NZ the way we want it
During this season of promised tax cuts, social spending, and a little piece of organic carrot for every sympathetic voter, it’s easy to be swept along by the messages of hope inherent in the rhetoric. The messages are clear: vote for us and you’ll be better off; you’ll get your hip surgery; or vote for us to save the lesser spotted gecko.
But will anything really change if the reds or the blues and their off-siders hold the treasury benches after September? Throw the greens, the yellows, and the black’n’whites into the mix and a rainbow of choices emerges. The disappointing truth is that when all these political colours are mixed together a dirty, murky coloured future emerges. It’s the colour of orthodoxy, not innovation. And it’s a tomorrow that’s the same as the recent past, not the promising future we would choose for our children. That’s what happens when political dogma takes precedence over the rights and interests of New Zealanders.
Arguably the last time a government deliberately put the needs of the people above all other considerations was during the time of the First Labour Government when notable social crediters held positions of influence and power. Using Reserve Bank funding, that government invested directly in a building programme of houses, bridges, roads, schools, hospitals, forests - and dragged New Zealand out of the Great Depression. Their legacy as the nation builders of last century is seldom spoken of today, but they set New Zealand up for decades. The legacy of successive governments since is much less noteworthy.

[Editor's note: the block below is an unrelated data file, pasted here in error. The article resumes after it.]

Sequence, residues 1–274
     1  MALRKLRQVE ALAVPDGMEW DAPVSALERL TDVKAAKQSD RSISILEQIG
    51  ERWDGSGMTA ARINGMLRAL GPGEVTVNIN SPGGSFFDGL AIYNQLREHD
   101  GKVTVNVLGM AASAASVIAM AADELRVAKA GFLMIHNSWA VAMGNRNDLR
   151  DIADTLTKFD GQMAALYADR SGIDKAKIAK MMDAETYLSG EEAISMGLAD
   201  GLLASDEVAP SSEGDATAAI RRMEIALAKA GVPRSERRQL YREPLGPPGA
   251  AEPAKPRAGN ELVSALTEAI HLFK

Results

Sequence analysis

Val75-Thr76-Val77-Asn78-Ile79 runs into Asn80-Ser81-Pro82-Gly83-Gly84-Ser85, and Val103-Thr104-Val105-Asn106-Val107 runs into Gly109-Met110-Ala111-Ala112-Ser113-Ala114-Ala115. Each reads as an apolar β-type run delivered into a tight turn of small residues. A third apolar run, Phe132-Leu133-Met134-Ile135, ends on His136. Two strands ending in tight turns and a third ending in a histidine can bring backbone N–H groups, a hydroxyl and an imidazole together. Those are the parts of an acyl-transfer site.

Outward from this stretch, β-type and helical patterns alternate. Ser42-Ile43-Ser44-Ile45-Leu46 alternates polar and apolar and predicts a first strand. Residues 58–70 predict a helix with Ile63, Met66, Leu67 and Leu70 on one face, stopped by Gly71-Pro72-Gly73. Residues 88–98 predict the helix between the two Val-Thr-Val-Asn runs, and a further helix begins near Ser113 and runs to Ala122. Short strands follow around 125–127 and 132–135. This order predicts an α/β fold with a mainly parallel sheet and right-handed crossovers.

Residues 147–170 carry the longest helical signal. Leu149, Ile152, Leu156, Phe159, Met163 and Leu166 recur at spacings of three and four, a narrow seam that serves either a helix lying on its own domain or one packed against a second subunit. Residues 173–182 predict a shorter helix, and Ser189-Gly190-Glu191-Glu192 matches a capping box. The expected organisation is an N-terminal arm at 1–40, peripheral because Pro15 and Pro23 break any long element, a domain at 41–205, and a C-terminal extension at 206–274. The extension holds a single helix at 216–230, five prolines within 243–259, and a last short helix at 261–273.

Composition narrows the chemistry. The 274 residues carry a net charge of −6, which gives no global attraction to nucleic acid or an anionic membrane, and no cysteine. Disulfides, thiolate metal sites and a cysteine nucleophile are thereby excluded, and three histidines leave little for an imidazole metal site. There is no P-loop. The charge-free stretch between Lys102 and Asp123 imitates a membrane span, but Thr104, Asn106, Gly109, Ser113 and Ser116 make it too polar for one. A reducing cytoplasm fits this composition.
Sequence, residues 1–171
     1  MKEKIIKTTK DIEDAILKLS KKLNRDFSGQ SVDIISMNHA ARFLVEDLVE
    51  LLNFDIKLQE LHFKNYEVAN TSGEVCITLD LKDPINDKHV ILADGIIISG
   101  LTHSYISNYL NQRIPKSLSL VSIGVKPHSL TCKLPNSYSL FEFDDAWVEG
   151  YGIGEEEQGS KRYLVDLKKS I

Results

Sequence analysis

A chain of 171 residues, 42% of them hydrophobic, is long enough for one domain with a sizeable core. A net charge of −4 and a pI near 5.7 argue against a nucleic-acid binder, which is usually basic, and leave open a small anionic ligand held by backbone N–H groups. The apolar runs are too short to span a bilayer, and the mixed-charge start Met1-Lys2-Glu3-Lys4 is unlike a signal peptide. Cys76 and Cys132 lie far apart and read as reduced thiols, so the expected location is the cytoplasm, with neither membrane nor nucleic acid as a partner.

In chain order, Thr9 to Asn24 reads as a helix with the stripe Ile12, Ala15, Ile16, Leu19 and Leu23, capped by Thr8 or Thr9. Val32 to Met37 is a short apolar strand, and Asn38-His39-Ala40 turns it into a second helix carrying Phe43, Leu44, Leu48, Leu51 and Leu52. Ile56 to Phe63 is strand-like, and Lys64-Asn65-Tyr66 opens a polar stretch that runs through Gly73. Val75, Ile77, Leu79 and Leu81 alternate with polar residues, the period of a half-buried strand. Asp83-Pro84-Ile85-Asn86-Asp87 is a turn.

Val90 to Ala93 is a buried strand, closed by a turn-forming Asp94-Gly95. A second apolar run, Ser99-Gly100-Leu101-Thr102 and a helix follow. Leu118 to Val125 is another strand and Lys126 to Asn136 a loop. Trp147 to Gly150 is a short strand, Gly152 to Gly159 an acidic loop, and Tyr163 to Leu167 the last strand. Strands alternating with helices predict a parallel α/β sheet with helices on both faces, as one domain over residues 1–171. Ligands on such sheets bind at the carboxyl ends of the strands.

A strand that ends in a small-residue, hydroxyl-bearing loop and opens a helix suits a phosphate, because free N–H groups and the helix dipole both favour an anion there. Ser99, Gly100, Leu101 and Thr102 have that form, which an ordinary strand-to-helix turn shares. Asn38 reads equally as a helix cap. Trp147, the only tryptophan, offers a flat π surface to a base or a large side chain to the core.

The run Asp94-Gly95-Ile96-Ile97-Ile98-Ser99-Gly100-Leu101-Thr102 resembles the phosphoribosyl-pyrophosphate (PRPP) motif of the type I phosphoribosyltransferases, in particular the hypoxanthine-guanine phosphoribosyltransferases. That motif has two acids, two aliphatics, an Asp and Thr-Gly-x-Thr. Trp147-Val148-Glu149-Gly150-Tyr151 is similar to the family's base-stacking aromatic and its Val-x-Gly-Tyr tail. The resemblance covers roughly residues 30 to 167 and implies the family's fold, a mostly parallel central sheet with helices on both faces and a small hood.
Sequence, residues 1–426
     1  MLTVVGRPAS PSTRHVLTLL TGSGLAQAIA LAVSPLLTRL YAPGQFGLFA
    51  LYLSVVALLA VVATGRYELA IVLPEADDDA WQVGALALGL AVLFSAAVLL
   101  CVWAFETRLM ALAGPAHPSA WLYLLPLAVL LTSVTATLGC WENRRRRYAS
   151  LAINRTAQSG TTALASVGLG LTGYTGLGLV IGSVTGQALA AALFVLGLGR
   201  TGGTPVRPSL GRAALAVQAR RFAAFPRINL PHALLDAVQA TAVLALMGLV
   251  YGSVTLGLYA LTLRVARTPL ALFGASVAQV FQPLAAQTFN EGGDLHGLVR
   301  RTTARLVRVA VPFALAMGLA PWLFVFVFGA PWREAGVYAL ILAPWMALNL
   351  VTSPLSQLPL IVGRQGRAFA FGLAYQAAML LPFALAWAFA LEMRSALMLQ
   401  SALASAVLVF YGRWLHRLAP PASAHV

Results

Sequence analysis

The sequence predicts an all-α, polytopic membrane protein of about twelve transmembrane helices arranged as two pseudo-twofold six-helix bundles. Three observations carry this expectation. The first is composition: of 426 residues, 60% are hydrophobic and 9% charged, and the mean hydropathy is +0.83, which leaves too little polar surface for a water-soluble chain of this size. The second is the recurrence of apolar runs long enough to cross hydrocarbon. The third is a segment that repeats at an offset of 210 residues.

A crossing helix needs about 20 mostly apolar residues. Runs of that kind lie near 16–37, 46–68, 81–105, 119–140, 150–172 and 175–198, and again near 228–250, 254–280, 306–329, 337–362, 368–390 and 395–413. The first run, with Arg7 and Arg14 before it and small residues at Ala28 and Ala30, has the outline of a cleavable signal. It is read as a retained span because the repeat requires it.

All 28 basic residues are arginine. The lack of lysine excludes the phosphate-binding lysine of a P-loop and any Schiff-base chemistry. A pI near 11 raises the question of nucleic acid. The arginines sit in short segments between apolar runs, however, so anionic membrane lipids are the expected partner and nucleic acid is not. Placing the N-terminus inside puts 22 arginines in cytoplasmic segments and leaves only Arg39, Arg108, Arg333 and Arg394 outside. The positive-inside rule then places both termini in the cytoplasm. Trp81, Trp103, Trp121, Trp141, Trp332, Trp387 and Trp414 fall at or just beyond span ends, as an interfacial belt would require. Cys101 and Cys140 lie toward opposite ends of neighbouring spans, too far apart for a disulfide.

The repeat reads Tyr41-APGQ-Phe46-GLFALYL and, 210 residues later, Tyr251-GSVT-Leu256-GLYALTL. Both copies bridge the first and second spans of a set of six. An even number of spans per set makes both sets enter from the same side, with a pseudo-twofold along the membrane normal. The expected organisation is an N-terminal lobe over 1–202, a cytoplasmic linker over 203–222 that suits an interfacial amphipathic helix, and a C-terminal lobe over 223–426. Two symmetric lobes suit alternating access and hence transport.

The New Zealand of today is a land of crises: clean water, mental health, homelessness, youth suicide, struggling businesses, child poverty, and many more. You’ve heard, maybe even asked, the questions: Why is health care underfunded? Why can’t people afford a home? Why poverty? The response is predictably visionless: There’s not enough money. Well, there could be enough money if we stopped buying it from overseas commercial banks and started using our own.
We're a nation in financial servitude, indebted to overseas financiers to the tune of $130 billion, paying a yearly interest bill of $6 billion on loans which could and should come interest free from our publicly owned Reserve Bank. The legislation is in place. There is only one reason why the blues, the reds, the greens, and the rest don’t use it: they lack the political will and the moral courage to genuinely act in the public good. They’ll do and say whatever is needed to be elected, but they have never and won’t ever step outside their establishment boxes.
The Democrats for Social Credit Party is not an establishment flunky. It has the courage, the conviction, and a bold plan to build a nation underpinned by the principles of justice, sovereignty, and democracy - caring communities where no child is left homeless and hungry, where those suffering mental illnesses have all the help and support they need, where the elderly are not left to wither away waiting for surgery, where industry is respected, where investment is in production not frittered away on the financial markets, and where the needs of the people take priority over the greed of global corporations.
A utopian dream? Maybe, but New Zealand voters need to aim higher and expect more from their representatives. Looking at the social, economic, and environmental problems we face it’s obvious that the parliamentarians who led the country into this mess are not likely to be the ones to lead us out of it.
Stephnie de Ruyter, Leader, Democrats for Social Credit Party
Published: July 2017